How to market in an age of personal branding
Cara Wood | February 23, 2017
The personal brand has become a core identity for today’s consumers, who have become used to curating their public profiles on Facebook and Instagram, sharing personal stories, uploading carefully-edited selfies and enjoying infinite shopping and tailored merchandise choices online.
As a result, these shoppers, not surprisingly, have come to expect plenty of personalization — in the form of promotions, offers, product recommendations and custom options — on their path-to-purchase journey, studies show. According to a recent Infosys study, 86% of consumers said personalization has at least some impact on the purchasing decision. The study also found that almost one third (31%) of consumers wanted more personalization in their shopping experiences. And according to a January 2017 study, 85% of shoppers said they are influenced by personalized home page promotions, and 92% said personalized shopping cart recommendations encourage them to complete a purchase.
Retailers, in response, have begun to make personalization a top priority: According to research by Boston Retail Partners (BRP) and Manhattan Associates, personalization was more important to retailers than other objectives, such as mobile efforts related to responsive design or applying data across channels in real time.
But this poses a serious marketing challenge. How can brands and retailers offer products that help consumers speak to their individuality? How do they meet the demand for product content that promotes the right offering at the right time? Here some ways leading players are working to reach this goal:
Creating connections with chatbots
Facebook Messenger is filled with hundreds of retail chatbots, many of which connect consumers with products. Nordstrom used artificial intelligence to take its 2016 holiday chatbot to the next level to help people find the right gifts for those on their lists. Going beyond quizzes and multiple choice questions with pre-set answers, the bot was able to create more complex inquiries which allowed any answer, such as “Where would you find this person on the weekends?" and "When this person considers eating out at a restaurant, what's their main interest?"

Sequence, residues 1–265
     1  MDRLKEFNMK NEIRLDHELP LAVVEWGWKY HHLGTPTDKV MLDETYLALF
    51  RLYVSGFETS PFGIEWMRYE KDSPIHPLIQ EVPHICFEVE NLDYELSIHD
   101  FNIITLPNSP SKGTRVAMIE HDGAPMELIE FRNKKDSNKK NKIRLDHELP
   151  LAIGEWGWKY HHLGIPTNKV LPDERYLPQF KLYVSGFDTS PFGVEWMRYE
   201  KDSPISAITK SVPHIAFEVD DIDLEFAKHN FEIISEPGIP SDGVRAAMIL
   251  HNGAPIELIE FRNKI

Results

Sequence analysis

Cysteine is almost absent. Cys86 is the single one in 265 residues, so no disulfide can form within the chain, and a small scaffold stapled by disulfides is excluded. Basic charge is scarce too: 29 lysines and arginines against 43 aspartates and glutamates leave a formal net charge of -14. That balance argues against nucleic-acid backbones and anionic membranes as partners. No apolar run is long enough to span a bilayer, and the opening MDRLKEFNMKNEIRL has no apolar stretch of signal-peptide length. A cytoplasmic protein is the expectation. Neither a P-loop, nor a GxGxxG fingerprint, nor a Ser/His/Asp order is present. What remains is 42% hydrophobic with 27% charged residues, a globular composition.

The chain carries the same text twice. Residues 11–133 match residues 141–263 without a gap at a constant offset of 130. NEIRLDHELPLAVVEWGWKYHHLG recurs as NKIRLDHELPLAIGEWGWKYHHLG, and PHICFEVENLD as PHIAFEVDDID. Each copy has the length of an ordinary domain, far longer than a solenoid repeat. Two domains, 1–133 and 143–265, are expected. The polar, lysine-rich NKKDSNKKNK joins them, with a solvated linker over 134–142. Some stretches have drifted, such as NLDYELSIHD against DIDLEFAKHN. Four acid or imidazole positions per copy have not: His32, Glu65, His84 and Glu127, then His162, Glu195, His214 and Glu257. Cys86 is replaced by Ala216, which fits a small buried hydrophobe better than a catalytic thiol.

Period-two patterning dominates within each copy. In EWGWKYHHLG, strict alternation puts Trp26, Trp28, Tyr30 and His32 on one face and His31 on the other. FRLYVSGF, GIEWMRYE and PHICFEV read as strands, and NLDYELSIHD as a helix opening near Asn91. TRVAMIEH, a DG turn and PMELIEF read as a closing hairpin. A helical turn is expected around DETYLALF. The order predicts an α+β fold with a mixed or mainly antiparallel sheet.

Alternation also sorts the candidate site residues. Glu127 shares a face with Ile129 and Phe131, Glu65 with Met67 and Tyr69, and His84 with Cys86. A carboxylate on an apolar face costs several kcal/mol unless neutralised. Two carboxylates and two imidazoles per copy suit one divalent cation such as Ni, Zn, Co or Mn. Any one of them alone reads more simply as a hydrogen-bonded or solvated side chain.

Related product recommendations
New Zealand-based wool clothing retailer Icebreaker has been leading the way to warmth by using machine learning to power related product recommendations — not just with “you may also like” options but “designed to go with ideas,” which shows three specific items meant to complement an original purchase. For example, if the shopper was looking at an outer layer, the system will recommend a base layer, first layer, and/or socks and accessories. And with each click and interaction, the recommendation engine gets smarter. Similarly, menswear brand John Varvatos uses A.I.-powered software that helps customers build outfits with suggestions that "complete the look.” If you’ve clicked on jeans, for example, the site will show a sweater, shoes and jacket that looks great with that product.
Algorithm-based stylist help
Rocksbox is a jewelry subscription service that lets customers rent chosen pieces. It stocks a mind-boggling 5,000 items, which is too many for one person to track and choose, so the company’s technology uses 150 points of data on each piece and a trio of algorithms to come up with recommendations for each customer. Company stylists, though, can tweak that data if they need to — while the algorithm helps, most shipments are at least in part picked by a person and all come with a note from the stylist. "Technology allows you to provide that level of service in a way that's not cost-prohibitive," the founder and CEO said at the recent NRF expo and convention.
Product content at the heart of personalization
Obviously, for any efforts to boost engagement and personalization on the customer journey, the right, relevant, well-placed product content is an essential key to success. For example, the more personalized and customized the offer, the more important it is that options and choices are kept track of, labeled correctly, photographed appropriately in different colors, offer the right number of angles and views and have the right written descriptions or video content attached to it.
Thanks to better-collected and understood shopper data and ever-evolving analytics and automated tools, retail personalization is only going to continue to grow quickly in an effort to boost brand loyalty and drive sales. Consumer demands and expectations are only going to rise as we move towards the 2017 holiday season. Are you ready to get personal in an age of the personal brand?